Night after night she rode. The dog accepted this, and he slipped under the fence and learned to dodge hooves. One night, she unlatched the gate before she mounted up. The horse took her cue and carried her out of the corral and down the road into the mesquite bosque that ran all the way to the river.
With each ride they ventured farther and farther away from the corral, on dirt roads and narrow trails, into the river to the other side, she with her hair flying behind her and one hand wound into the horse’s mane, riding until the sun came up, then sneaking back to bed and sleeping until late afternoon.
They had adventures: Usually when they saw vehicles parked on forest roads, they’d also see their owners, asleep and naked in backseats, or still furtively making love in the beds of pickup trucks, trying to finish before morning. She identified with them, because she, too, had to get her new love back home before his mistress discovered he was cheating on her.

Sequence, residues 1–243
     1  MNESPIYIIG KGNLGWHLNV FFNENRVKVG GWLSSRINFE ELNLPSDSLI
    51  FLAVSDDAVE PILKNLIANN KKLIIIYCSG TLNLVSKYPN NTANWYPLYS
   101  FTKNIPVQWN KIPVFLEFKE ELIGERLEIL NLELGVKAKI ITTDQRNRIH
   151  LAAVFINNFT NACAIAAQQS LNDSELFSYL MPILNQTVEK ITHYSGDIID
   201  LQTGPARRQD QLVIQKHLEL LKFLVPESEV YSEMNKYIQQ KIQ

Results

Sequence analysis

But one morning, the trucks parked down by the Verde held other delights. She rode in on them and startled a band of seven or eight Mexican nationals who’d spent the night drinking and using their own beer cans for target practice. She’d already turned the horse to run when she saw the gun come up, a long pistol at the end of an arm pointing right at her. The cylinder was empty, but the clicks of the gun’s hammer dry firing rang in her ears as loud as any real gunshot, and she felt exhilarated, almost aroused. She leaned forward onto the horse’s neck and felt his sides and his back muscles between her legs as he ran through the desert. Together they could get away with--and away from--anything.